Colorectal cancer patients fared worse after COVID lockdowns, study finds
Patients diagnosed as having metastatic colorectal cancer (mCRC) after COVID-19 lockdowns in France had significantly higher tumor burdens and died sooner than those diagnosed before the pandemic, shows a multicenter study yesterday in JAMA Network Open.
In the study, a team led by researchers at the Universite de Montpellier evaluated the tumor burden of 80 patients at 18 centers with mCRC using circulating tumor DNA (ctDNA) in plasma, which the authors said rises with increasing tumor size. The patients (median age, 62 years) were enrolled in a phase 2 clinical trial comparing the activity of two drug combinations.
The 40 patients diagnosed after the spring 2020 lockdowns (May 14 to Sep 3, 2020) had median ctDNA concentrations of 119.2 nanograms per milliliter (ng/mL), compared with 17.3 ng/mL in the 40 patients screened before (Nov 11, 2019, to Mar 9, 2020). The post-lockdown ctDNA level constituted a 6.9-fold increase.
Patients with greater tumor burden also had significantly lower median survival than those with lesser tumor burden (14.7 months vs 20.0 months; hazard ratio, 1.74).
The researchers noted that the pandemic has been tied to large reductions and delays in screening, diagnosis, and hospital referrals for cancer patients, while the reprioritization of hospital staff and resources to COVID-19 patients has been linked to delayed or compromised care.
"The differences in tumor burden between patients who were diagnosed before vs after lockdown and the resulting risk of reduced survival point to the association between the pandemic-related lockdown and unfavorable consequences for patients with newly diagnosed mCRC, who may have delayed their first visit to an oncologist," the authors wrote. They added that patients may have been reluctant to visit a healthcare facility because of fears of COVID-19 infection or burdening the health system.
To prepare for any further coronavirus-related lockdowns, the researchers called for reinforced mass CRC screening using fecal occult blood testing, communicating the urgency of screening to patients, and providing adequate resources and planning to manage backlogs in diagnosis and treatment. "The findings of this study suggest that CRC is a major area for intervention to minimize pandemic-associated delays in screening, diagnosis, and treatment," they wrote.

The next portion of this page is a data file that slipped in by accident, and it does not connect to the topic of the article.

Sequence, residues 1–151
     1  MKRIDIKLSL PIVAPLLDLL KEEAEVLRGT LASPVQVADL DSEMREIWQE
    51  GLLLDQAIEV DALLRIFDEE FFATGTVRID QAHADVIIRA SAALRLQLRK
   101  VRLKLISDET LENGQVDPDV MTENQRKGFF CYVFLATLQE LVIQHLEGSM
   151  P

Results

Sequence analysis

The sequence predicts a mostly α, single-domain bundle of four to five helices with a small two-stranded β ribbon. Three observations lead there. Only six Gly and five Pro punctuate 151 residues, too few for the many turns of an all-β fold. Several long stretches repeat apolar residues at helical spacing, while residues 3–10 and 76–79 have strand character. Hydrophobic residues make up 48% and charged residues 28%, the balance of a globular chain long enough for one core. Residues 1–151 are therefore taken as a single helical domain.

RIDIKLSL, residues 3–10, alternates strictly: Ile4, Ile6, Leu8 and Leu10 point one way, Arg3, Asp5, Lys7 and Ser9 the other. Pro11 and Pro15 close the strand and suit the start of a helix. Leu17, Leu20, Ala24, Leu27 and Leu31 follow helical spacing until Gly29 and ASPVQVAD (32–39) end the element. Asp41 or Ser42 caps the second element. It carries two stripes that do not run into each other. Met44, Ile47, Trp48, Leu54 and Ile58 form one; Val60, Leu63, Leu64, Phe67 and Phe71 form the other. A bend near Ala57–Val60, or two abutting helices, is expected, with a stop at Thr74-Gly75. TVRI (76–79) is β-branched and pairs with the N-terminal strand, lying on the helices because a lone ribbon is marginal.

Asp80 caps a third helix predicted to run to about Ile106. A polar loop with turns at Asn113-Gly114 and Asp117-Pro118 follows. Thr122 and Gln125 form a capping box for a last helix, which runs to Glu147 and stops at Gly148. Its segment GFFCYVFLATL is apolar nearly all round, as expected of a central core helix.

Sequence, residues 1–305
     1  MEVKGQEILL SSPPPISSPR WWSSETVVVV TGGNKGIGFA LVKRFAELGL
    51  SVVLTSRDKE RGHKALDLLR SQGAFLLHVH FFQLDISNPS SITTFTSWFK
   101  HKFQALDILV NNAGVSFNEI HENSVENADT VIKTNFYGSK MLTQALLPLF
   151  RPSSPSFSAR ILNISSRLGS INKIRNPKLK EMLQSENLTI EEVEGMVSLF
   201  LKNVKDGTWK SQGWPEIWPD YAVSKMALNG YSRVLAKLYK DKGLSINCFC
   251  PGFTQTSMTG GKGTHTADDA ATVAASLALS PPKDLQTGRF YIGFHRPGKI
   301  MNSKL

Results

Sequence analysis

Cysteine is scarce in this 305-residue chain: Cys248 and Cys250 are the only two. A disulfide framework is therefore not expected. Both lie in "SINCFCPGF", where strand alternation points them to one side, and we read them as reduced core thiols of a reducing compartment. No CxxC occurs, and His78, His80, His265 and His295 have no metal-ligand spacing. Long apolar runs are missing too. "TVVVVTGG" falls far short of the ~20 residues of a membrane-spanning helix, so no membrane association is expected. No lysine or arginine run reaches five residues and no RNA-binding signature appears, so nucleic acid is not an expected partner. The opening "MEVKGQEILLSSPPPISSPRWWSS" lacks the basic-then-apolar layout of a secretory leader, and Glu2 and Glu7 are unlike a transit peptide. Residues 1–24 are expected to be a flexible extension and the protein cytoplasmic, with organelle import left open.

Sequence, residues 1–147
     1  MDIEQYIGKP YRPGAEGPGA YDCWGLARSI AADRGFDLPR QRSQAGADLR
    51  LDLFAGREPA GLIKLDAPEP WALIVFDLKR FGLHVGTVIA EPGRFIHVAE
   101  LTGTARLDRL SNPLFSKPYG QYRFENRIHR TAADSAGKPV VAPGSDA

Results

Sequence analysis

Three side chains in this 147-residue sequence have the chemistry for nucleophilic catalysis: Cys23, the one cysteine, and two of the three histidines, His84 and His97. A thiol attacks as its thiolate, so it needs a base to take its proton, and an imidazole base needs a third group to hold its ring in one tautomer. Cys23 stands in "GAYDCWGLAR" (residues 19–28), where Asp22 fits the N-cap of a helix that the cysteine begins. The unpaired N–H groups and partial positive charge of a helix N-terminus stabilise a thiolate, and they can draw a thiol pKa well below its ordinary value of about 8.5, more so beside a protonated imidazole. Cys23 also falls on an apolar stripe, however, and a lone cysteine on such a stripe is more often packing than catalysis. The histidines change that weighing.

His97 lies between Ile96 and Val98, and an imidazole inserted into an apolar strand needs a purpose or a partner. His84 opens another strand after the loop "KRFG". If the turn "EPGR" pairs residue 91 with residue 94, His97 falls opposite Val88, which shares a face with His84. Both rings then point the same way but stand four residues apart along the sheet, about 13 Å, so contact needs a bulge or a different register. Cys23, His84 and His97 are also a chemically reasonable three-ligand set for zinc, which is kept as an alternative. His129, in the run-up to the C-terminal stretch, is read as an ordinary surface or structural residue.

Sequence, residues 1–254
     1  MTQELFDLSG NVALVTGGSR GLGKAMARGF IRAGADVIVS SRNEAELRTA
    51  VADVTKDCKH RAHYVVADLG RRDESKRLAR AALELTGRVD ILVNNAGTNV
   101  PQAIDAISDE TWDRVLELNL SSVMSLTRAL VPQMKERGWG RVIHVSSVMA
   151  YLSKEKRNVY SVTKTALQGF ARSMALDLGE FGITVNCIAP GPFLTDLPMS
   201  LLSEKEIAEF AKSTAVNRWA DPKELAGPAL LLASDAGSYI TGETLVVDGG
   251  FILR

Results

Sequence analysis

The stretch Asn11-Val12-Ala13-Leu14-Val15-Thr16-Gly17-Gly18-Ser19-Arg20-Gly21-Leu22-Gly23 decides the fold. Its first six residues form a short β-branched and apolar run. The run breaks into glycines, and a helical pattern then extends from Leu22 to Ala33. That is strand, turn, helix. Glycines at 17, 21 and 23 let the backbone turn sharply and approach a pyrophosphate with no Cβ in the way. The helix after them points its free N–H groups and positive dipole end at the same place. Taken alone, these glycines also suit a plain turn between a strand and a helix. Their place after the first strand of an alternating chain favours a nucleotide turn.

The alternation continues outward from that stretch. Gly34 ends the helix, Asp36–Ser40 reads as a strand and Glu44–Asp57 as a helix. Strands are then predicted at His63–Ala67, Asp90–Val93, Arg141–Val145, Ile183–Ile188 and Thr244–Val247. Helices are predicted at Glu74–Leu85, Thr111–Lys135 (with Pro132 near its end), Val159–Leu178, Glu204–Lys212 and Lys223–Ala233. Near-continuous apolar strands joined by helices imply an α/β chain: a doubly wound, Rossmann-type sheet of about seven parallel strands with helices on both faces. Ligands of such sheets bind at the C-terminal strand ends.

Sep 8 JAMA Netw Open study
Mental health improved somewhat after COVID vaccine, poll says
People who received at least one COVID-19 vaccination between December 2020 and March 2021 were a bit more likely to report lower mental distress levels, according to a study yesterday in PLOS One.
The researchers used the representative Understanding America Study cohort, and from Mar 10, 2020, to Mar 31, 2021, 8,003 adults answered at least 2 of the 26 surveys (average response rate per survey, 82%), which were conducted from weekly to monthly.
People who reported receiving at least one COVID-19 vaccination had a 1-percentage-point drop in mild depression probability and a 0.7-percentage-point drop in severe depression probability, a relative reduction of 4% and 15%, respectively. Overall, the results showed an average effect comparative to 4% of the standard deviation of PHQ-4 scores, or the four-item Patient Health Questionnaire that made up the framework of the survey.
Vaccinated respondents were more likely to be older (average age, 60.4 vs 47.1 years), college educated (68% vs 52%), and White (87% vs 82%).
"Those recently vaccinated may become less worried about getting infected, they may become more active socially, or they may venture into different work opportunities," the researchers write.
They add, however, "Since people who get the vaccines at different times are different in several dimensions, this implies that the effects may be different for the people who get vaccinated after the period studied here. Another reason why the effects may be different in a later period is that the conditions may be different."
Sep 8 PLOS One study